This afternoon, I was able to leave the office a little early so I could go sit with my sister until her husband got back from an all day meeting. I found her sitting up in her hospital bed, in a caftan, and able to speak clearly and lucidly... what a blessing! She was in some discomfort, but we had a good conversation about "the old days" and I was grateful for this nice time with her. Her home health care nurse has told her he cannot explain why her bloodwork is staying so even, because when she was sent home at the end of February, beginning of March, we thought it would be just a short time before hospice was needed. I'm so grateful for this extra time, and her lucidity. Those of you who have had terminal family members will know what I mean.
I hope if I ever get the bad news she received two short years ago that I'll be able to react with as much grace as she has. (and fight!)
Here's a homestead tip from General Sherman (aka Sherm or Sherman) about the right way to carry a waterer. Most of us... including Keith and I... carry the waterer by it's bale, on the top (on the left). The proper way to carry them is separated, and by the comfortable handle on the inside of the can. I can't tell you how many bales I've broken in the last 20 years carrying a heavy waterer. Not pleasant in the cold of winter, let me tell you!
Sherman and Grant have stopped fighting, by the way. The red turkey, however, is pretty dominant and going after the hens and roosters in the little henyard. All three boys spent the day in the pasture, but I think I may have to move the red out completely for sure.
I have had but one egg in the little henhouse this week, and tonight, found something as I got home that I wish I had waited to take a picture of before disposing of it. It was a shell-less egg, held together only by the membrane, and was laid by Rockette, the gold laced Rock. I should be getting at least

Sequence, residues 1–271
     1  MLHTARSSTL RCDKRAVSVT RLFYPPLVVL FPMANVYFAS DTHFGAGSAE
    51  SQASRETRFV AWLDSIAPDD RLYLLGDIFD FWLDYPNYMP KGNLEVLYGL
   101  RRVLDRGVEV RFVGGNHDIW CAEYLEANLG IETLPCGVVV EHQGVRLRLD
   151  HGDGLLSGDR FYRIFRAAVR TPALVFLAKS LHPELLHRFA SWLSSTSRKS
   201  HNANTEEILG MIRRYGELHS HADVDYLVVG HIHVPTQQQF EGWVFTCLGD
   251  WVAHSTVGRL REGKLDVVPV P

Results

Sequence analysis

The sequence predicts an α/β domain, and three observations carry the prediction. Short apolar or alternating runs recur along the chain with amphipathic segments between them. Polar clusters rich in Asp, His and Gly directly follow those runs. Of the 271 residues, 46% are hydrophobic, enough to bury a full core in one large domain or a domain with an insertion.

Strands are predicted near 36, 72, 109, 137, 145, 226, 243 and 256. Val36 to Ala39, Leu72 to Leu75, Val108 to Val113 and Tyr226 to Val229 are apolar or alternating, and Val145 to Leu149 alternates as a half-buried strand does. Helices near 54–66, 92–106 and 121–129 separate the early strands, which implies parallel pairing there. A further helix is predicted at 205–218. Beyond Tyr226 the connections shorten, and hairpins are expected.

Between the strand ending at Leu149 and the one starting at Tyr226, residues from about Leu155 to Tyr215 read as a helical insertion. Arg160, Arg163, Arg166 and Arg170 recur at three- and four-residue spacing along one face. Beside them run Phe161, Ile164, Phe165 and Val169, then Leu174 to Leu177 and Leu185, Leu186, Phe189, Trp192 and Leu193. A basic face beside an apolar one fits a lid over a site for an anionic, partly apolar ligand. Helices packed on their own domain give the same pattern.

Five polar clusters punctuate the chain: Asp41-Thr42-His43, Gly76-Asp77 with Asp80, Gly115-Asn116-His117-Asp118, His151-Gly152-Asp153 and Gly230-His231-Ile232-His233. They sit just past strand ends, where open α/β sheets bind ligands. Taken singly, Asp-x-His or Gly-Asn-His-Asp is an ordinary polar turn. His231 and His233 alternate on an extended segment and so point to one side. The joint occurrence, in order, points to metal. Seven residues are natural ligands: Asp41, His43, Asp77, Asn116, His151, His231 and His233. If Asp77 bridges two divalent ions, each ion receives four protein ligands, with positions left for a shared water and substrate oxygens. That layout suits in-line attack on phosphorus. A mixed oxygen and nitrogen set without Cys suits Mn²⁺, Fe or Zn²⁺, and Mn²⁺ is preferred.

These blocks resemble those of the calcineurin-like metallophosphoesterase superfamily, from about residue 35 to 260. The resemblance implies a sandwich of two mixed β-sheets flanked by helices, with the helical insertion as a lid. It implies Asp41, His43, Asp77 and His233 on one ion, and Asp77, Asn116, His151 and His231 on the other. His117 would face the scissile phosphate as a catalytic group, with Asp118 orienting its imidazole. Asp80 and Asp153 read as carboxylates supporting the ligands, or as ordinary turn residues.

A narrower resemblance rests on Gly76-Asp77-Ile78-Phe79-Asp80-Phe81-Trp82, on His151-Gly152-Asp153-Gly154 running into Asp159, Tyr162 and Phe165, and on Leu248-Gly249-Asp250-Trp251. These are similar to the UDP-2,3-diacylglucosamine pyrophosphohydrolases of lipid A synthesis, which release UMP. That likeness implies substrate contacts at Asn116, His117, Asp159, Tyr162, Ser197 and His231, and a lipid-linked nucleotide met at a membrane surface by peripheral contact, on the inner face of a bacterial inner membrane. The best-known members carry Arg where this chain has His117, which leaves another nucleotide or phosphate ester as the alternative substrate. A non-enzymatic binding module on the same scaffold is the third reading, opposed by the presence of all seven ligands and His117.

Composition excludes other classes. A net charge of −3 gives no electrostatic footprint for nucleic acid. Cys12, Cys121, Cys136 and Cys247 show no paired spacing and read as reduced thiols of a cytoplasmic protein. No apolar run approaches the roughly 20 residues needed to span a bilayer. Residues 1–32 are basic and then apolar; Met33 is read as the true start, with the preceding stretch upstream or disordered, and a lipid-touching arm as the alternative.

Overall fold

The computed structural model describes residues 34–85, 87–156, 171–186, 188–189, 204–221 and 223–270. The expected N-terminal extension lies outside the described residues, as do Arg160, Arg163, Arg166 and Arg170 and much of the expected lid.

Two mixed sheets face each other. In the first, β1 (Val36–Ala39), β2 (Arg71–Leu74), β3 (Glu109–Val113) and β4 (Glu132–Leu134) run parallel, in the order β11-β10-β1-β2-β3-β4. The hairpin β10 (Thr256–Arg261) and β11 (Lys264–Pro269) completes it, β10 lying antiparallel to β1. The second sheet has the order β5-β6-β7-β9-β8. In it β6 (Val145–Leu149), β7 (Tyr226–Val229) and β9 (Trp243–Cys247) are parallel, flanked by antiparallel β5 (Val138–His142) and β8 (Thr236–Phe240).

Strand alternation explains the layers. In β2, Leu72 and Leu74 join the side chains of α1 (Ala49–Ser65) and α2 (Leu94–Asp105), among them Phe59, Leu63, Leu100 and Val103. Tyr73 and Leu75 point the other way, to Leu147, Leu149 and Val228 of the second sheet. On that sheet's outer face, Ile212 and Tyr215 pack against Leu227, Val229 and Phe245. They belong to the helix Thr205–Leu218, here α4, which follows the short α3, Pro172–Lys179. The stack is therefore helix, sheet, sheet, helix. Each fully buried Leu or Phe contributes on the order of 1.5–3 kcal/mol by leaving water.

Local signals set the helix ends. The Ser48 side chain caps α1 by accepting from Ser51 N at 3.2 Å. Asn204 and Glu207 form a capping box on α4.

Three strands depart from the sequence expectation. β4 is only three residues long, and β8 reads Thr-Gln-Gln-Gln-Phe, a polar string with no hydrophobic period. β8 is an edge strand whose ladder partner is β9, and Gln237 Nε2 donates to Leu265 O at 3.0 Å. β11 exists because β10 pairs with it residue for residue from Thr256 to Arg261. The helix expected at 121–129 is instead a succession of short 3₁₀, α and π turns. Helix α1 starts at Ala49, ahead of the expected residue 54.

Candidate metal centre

four a day from there, with the four big girls who have just turned one year old, and several little eggs from the smaller birds.
I am not sure if it's the turkeys, or the three new hens in there that has thrown everyone off. I had something else odd last night (and didn't get a picture)... one of the "new" old hens in the little henyard (there are three)... shot yolk out her eggbed. It landed on the ground, and Sherman scuttled to eat it up. I followed her for a minute, and she calmly shot the rest of the yolk and the white out, and then bent to eat it. I could see a small piece of shell sticking out. I was able to pick her up, and she looked clean otherwise, but I kept her in the nursing cage all night, letting her back out this morning. So tonight, I found her alone in the hutch in the four x four pen in the big henyard. I forgot she had been in the little henyard and did not know where to go, and carried her around and put her in the big henhouse. I'm sure she'll wake up in the morning as if she always lived there, but I am watching her.
The little hen crossing the middle of the yard, white with a black tail, was Teeny's only chick to survive the possum and hawk attacks from last summer. (This was taken on Sunday)
Tonight, here's how I found her when I got home:
Yes, she's gone. Keith came out and put on plastic gloves and picked her up and we looked her over, and couldn't see anything. In fact, we weren't 100% sure it was Teeny's baby, because we had a six year old hen that looked about the same. However, Teeny's baby has not looked good for at least three weeks. When I would sit in the henyard at night, I would catch her in the 4 x 4 pen, her eyes closed, a little hunched up. This is a sign of trouble, for you new chicken owners.
She was too young to lay, but it could have been almost anything. We think she had been dead most of the day, and maybe fell dead from the rafters this morning, in fact.
I tried to post last night for over an hour, but the internet would not cooperate. I would have posted one of these:
That's Iris "Batik" beginning it's bloom season, one of my favorites. I'm embarassed to show you the whole bed, since there are about 20 tree saplings growing in there. Hopefully this weekend we'll be working in there while the boys are here helping us.